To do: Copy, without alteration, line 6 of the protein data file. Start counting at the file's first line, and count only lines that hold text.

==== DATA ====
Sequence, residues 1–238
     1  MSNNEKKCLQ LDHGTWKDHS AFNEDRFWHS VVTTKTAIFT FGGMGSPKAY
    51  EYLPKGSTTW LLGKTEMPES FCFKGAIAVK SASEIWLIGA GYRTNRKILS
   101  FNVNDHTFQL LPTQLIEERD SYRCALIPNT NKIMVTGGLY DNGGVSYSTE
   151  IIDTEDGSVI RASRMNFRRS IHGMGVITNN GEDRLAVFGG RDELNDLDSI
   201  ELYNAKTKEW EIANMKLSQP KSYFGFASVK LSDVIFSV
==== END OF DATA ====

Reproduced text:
   201  ELYNAKTKEW EIANMKLSQP KSYFGFASVK LSDVIFSV